Chapter 7: Fundamental Transformation of the Labor Movement

Yasuhiro Tanaka (President of the Doro-Chiba, National Railway Motive Power Union of Chiba)

Published in Japanese: June, 2017 as Chapter 7 of Transformation of Labor Movement—3-Decade Fight Against Privatization of National Railways


English translation: February, 2019;

For maps of Privatized National Railways and Doro-Chiba members' workplaces, see JR Companies' map, Chiba Prefecture map, and Chiba Pref. railmap. (note: The members of Doro-Chiba drive not only the trains in Chiba prefecture but also those on Sobu/Yokosuka Line from Chiba Prefecture through Tokyo to Kanagawa Prefecture.)


The Movement Principles of Doro-Chiba  Nearly 40 years have passed since the privatization of the Japanese National Railways (JNR), and 30 years since the break away form Doro and formation of our independent union, Doro-Chiba. The history of this union's struggles has created a continual challenge to what is regarded as the “common sense” of the Japanese labor movement. I am convinced that we have defined an approach to the labor movement and worker solidarity that does not have a direct precedent in older struggles. Perhaps it is grandiose to put it this way, but I think we can say that Doro-Chiba has waged its own revolution within the history of the Japanese labor movement.

Hiroshi Nakano, former president of Doro-Chiba, always maintained that: “if workers can avoid being pulled into a way of thinking that denigrates and derides their status as workers, I'm convinced that they can win any dispute,” the actuality of revolution lives on inside the unionists of Doro-Chiba”, and that “the revolutionizing of the labor movement is the change most badly needed today.” The members of the Doro-Chiba are not by any means special activists. They are normal workers who wouldn't be out of place at any union. It's when these workers affirm the social meaning and righteousness of their struggle, based on their experience in individual confrontations that they themselves have resolved to wage, that they are capable of great power.

By building experience over multiple struggles and campaigns, workers are capable of building a unity that can endure any offensive, and thus, for the first time act as the protagonists of society. It's for that reason that workers must always be trusted by the union, so that they can frankly communicate issues that arise in the workplace, as well as in society at large, to the union, and the union must in turn develop that information into tasks for the struggle. These are the movement principles that Doro-Chiba has resolutely adhered to. I believe that they are completely different from the typical labor movement approach of “organizing around demands.”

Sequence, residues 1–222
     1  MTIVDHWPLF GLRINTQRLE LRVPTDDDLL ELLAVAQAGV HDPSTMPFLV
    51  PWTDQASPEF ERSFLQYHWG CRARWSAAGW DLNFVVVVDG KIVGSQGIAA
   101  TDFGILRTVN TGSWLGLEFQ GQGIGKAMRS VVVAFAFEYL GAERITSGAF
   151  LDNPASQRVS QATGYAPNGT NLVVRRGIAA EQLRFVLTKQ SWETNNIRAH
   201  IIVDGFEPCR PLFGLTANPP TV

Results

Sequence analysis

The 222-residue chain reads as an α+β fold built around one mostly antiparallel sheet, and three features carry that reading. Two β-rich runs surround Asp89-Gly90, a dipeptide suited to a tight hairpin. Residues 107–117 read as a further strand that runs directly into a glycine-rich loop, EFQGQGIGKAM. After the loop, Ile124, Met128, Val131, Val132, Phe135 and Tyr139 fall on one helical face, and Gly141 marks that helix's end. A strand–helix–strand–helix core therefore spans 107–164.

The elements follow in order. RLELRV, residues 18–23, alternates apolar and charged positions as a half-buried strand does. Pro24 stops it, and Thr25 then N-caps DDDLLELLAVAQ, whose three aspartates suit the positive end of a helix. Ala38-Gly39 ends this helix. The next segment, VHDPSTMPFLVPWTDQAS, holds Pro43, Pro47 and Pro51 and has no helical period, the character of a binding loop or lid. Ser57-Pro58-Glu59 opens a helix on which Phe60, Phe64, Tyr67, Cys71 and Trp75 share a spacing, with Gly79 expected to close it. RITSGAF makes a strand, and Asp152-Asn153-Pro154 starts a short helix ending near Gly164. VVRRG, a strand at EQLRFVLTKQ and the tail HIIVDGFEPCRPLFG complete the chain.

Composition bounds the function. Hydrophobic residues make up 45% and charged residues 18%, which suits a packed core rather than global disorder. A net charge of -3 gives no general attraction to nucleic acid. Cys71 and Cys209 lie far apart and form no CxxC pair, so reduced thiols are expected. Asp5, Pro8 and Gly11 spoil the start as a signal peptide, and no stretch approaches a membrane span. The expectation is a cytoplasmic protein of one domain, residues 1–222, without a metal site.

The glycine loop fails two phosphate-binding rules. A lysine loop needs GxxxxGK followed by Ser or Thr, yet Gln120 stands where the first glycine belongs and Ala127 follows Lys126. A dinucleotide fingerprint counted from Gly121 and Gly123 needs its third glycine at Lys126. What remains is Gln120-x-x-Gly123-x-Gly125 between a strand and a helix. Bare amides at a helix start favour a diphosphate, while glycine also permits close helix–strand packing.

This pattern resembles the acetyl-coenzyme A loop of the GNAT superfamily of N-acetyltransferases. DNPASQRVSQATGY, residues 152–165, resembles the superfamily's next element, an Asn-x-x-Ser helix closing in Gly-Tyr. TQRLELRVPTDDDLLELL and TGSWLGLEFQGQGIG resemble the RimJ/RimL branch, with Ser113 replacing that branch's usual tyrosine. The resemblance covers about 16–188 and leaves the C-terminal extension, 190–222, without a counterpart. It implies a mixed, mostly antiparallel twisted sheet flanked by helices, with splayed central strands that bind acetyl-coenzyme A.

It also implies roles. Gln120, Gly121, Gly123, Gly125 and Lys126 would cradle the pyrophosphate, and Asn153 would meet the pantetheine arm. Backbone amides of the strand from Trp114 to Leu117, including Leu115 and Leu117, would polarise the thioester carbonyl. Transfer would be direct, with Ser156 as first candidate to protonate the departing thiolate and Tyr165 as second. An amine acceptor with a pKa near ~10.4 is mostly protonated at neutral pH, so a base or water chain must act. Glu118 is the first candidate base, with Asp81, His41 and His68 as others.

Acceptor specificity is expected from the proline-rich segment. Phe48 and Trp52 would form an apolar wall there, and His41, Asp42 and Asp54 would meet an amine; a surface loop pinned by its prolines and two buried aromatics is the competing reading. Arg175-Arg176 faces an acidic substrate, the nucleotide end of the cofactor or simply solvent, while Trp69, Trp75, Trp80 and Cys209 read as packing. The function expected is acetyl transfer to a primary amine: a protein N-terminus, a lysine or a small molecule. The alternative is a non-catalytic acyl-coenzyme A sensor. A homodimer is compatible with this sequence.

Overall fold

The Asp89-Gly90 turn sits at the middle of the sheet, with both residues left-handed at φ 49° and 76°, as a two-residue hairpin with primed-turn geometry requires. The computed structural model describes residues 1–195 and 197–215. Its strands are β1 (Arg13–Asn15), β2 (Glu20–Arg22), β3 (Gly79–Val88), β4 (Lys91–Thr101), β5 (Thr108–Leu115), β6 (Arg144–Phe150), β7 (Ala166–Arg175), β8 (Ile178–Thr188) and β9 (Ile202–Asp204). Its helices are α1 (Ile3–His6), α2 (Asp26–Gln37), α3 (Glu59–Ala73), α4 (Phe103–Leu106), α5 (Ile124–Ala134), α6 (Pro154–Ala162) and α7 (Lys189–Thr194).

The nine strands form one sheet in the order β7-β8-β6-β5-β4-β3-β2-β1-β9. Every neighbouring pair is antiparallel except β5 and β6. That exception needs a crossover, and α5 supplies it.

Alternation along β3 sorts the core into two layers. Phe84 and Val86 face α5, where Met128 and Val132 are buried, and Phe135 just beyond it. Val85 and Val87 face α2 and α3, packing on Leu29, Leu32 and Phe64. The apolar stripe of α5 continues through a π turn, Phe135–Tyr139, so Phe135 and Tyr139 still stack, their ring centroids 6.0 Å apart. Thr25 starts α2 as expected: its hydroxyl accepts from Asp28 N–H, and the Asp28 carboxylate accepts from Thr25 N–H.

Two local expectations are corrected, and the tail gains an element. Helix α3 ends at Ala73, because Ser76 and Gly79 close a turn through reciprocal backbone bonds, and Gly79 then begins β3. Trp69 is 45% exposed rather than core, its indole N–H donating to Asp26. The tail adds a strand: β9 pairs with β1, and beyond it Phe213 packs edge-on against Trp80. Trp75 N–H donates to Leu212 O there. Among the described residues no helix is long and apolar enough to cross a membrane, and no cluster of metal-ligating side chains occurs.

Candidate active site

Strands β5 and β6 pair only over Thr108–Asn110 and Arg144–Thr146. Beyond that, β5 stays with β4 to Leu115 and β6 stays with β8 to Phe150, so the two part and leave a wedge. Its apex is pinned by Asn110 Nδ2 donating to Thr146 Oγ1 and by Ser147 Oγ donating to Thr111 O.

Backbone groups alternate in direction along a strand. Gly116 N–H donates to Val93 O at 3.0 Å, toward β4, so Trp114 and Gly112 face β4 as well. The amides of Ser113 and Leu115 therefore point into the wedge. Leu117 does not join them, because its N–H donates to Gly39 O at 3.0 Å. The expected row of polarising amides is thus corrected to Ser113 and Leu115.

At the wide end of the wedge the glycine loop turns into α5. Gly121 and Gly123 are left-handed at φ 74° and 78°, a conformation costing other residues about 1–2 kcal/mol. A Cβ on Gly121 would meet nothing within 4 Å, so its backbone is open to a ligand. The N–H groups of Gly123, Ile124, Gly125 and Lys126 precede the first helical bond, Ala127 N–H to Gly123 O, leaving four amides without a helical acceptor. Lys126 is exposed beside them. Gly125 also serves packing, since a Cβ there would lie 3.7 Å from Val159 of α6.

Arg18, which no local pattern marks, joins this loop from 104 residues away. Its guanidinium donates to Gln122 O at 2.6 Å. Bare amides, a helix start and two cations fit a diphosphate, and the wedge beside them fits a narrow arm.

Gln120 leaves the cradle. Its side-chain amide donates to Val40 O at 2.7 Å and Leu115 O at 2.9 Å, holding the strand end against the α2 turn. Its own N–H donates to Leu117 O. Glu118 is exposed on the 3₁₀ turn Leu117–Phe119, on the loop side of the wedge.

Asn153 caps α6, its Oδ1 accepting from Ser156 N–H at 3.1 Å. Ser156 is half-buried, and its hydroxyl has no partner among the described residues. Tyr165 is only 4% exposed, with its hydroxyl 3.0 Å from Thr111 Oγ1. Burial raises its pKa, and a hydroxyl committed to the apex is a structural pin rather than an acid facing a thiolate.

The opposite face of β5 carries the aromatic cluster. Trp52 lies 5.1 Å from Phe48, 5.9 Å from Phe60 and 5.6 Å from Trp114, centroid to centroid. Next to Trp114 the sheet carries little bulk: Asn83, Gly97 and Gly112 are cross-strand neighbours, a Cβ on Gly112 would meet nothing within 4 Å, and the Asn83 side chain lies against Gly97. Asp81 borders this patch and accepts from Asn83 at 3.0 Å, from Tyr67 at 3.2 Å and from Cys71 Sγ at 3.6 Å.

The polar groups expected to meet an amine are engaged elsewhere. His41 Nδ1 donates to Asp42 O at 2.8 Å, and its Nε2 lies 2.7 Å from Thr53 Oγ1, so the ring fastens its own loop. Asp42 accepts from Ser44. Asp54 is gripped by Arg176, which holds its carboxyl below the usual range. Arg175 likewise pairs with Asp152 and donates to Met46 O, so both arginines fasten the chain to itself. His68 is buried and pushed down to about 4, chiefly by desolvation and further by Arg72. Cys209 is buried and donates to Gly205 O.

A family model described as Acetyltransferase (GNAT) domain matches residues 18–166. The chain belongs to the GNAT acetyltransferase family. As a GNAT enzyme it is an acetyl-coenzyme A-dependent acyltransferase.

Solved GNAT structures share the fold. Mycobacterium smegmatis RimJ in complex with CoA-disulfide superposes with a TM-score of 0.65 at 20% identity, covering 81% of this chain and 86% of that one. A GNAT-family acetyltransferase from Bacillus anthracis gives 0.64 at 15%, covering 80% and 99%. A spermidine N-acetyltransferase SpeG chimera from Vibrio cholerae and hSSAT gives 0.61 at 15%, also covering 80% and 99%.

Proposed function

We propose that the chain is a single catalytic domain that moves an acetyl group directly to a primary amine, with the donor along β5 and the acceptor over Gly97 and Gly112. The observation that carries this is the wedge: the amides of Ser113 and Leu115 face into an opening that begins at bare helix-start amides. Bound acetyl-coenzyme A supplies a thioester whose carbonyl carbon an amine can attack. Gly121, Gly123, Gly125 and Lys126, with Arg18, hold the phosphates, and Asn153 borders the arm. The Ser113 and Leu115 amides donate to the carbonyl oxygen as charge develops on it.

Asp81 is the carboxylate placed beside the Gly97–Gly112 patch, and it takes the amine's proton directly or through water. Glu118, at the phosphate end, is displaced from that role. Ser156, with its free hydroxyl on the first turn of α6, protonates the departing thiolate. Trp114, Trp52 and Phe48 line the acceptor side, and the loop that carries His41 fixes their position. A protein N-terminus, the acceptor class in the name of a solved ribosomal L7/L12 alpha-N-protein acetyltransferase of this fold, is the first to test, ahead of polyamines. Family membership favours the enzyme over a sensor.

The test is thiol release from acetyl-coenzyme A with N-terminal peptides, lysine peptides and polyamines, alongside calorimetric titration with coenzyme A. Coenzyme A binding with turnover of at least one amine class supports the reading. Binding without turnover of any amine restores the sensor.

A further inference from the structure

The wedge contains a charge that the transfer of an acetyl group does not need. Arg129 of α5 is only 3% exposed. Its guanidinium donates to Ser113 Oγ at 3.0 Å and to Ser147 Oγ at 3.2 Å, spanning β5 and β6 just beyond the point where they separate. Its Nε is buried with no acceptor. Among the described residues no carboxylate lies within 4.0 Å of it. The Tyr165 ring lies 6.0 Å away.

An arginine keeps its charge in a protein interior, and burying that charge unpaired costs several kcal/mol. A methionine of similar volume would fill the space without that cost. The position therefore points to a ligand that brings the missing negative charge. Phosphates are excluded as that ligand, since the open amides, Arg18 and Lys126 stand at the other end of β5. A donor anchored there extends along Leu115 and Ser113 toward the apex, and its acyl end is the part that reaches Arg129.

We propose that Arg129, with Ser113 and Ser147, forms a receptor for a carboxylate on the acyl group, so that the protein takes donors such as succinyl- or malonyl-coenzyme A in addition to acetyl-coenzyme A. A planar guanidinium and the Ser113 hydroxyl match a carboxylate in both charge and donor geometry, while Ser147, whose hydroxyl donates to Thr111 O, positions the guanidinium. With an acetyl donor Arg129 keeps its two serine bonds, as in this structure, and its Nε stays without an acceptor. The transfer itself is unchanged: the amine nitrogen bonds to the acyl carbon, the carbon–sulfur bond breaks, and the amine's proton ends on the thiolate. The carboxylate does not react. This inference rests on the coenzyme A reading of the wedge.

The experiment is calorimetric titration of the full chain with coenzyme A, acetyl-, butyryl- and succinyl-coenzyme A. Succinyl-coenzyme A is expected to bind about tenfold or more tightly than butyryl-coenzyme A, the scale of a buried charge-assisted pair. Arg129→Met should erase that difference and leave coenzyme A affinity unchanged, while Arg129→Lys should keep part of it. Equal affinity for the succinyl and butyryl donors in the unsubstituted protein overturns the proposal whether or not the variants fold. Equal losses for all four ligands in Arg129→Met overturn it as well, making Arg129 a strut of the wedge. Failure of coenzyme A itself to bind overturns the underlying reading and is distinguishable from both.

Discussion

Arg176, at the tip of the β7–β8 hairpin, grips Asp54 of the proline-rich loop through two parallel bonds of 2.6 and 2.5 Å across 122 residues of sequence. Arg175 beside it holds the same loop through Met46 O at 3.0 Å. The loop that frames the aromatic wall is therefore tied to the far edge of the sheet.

A Class-Conscious Labor Movement  In an earlier era, all political forces involved in the labor movement would have identified themselves as class conscious worker movements. You would find express provisions such as: “breaking the chains of capitalist society's exploitation and winning the emancipation of the workers,” and “aiming for the construction of a socialist society” in the constitutions of trade unions. However nowadays, the term “class-conscious labor movement” is out of vogue. Workers' unions have largely lost the power to resist capitalism and have abandoned a class-conscious standpoint.

In comparison, Doro-Chiba has fought for just that: the road to a class-conscious labor movement. Workers will never be able to live a humane and fulfilled life simply by waging a constant fight to improve working conditions and labor rights within the capitalist system. As Marx said, capitalist society is nothing more than one particular society in history, born at a specific stage of mankind's historical development. In other words, it has a beginning, and an end. Defeating the power of the capitalist class, and creating a society where workers become its protagonist is the basic standpoint of a class-conscious labor movement.

Above all, what we ourselves can say with confidence is that we have not only verified that standpoint theoretically, we have built that movement in reality with the strength of our membership. Doro-Chiba has not achieved this on our own. We have achieved it with the help of comrades from around the country who have supported, and fought in our own struggle as if it were their own.

A Labor Movement for the Era  We are living in a world in which society is wholly collapsing due to the accumulated contradictions brought on by neo-liberal offensives. Reactionaries who had previously lain hidden are now given an open embrace, and plans to revise the constitution and march the country towards war are in motion. Former Doro-Chiba President Nakano always emphasized the points below as critical to decipher exactly what kind of period we are living in.

1. The imperialist system (capitalism) can no longer provide for the workers.
2. The imperialist system (capitalism) has no means to prolong its domination besides war.
3. The historic life force of the imperialist system (capitalism) has expired, and become shackles on the development of society.
4. The revolt of workers around the world has begun with the energy of a prairie fire.

This assessment of the times we are living in will have an increasingly important meaning as a guide for practice in the situations we confront.